erally off the farm, and from the laboring and white-collar categories into higher business positions.
Further, just as the 1952 business leaders are drawn from somewhat lower occupational groups than the 1928 business leaders, so on the whole their grandfathers occupied the lower occupational brackets in greater numbers than did the grandfathers of the 1928 business leaders. The conclusion of a trend to increased occupational mobility, drawn from the earlier analysis, is given further support by the data for the longer time period. Comparisons between the grandfathers and the fathers of the 1928 and 1952 business elites show that, in general, there is little difference in the kind and direction of occupational sequences. However, there have been noticeable increases in recruitment from lower occupational categories over three generations during the last decades.
Mobility data in this study, and in most other studies, are presented in the form of tables which cross-classify father's occupation by son's occupation. These tables indicate the frequency of movement from any position to any other position in the occupational structure. The usual procedure in previous mobility research has been to consider primarily the diagonal cells, where father's and son's occupational position coincide. The frequency, or usually the proportion of cases in these cells, is primarily used as the measure of occupational inheritance or immobility. The remaining proportion of cases, those where the son's occupational position differs from that of his father, is taken as the amount of mobility experienced by the population. Thus, if 60 per cent of the sons of professional fathers are professionals, the remaining 40 per cent have experienced mobility; while if only 20 per cent of the sons of clerical workers are themselves clerks, 80 per cent of this group have been mobile. Therefore, the description runs, sons of clerks are twice as mobile as sons of professionals.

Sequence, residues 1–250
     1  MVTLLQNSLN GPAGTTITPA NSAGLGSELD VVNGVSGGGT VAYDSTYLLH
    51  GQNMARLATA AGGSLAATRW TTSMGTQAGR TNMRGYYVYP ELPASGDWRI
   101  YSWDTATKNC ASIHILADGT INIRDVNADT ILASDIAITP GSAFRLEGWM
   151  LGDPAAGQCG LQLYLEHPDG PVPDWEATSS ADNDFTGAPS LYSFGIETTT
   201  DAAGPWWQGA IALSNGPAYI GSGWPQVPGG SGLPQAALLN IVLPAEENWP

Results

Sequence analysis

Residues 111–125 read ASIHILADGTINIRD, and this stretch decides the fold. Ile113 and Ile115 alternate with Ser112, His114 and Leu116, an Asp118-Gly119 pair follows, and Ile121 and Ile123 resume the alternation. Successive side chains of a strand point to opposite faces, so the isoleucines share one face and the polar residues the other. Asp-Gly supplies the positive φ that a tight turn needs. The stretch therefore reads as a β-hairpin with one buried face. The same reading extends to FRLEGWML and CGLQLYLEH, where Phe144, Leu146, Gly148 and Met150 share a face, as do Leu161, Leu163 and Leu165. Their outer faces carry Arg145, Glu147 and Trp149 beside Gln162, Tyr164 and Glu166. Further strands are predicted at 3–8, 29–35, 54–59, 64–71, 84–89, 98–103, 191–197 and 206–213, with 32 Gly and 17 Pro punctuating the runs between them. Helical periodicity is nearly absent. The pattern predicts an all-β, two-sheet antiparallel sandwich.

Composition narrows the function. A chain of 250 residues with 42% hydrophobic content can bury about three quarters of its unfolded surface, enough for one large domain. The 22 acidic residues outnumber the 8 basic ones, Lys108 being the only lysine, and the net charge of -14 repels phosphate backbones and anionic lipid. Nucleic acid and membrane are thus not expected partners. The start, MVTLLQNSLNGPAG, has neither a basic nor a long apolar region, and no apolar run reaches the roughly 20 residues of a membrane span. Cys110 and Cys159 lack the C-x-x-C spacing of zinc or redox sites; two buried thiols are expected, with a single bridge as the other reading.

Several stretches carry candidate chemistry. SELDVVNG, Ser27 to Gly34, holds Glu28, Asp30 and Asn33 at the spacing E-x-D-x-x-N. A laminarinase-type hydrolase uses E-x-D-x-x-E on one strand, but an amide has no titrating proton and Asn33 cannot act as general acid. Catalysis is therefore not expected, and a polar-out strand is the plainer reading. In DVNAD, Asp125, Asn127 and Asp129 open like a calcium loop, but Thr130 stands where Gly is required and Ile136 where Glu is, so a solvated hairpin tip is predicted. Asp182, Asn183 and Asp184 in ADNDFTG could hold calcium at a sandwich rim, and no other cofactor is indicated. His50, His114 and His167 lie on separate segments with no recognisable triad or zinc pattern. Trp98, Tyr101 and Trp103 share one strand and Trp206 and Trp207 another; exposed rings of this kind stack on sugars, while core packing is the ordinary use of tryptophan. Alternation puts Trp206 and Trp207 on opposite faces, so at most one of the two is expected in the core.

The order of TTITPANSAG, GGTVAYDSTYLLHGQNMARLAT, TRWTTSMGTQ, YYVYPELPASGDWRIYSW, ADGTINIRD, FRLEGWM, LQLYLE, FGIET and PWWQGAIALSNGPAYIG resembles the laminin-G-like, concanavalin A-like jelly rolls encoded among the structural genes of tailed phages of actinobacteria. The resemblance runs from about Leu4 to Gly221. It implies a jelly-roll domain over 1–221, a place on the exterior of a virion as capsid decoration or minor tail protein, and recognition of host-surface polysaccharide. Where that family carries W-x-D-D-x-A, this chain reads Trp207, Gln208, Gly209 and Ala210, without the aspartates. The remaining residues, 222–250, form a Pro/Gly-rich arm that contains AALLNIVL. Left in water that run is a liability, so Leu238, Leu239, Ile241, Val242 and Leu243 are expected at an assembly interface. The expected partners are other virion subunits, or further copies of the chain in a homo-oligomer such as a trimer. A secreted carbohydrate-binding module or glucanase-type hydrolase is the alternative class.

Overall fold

The inadequacy of these procedures has been demonstrated for systematic mobility research, especially for studies which compare social structures that differ from one another in place or time.1
The source of the difficulty is that no account is taken of the total number of positions available in each occupational class. Movement into and out of each occupational class needs to be considered in relation to this availability or demand factor. For example, this study will show that in the period from 1905 to 1912, in the community studied, the number of positions available in unskilled work outnumbered the positions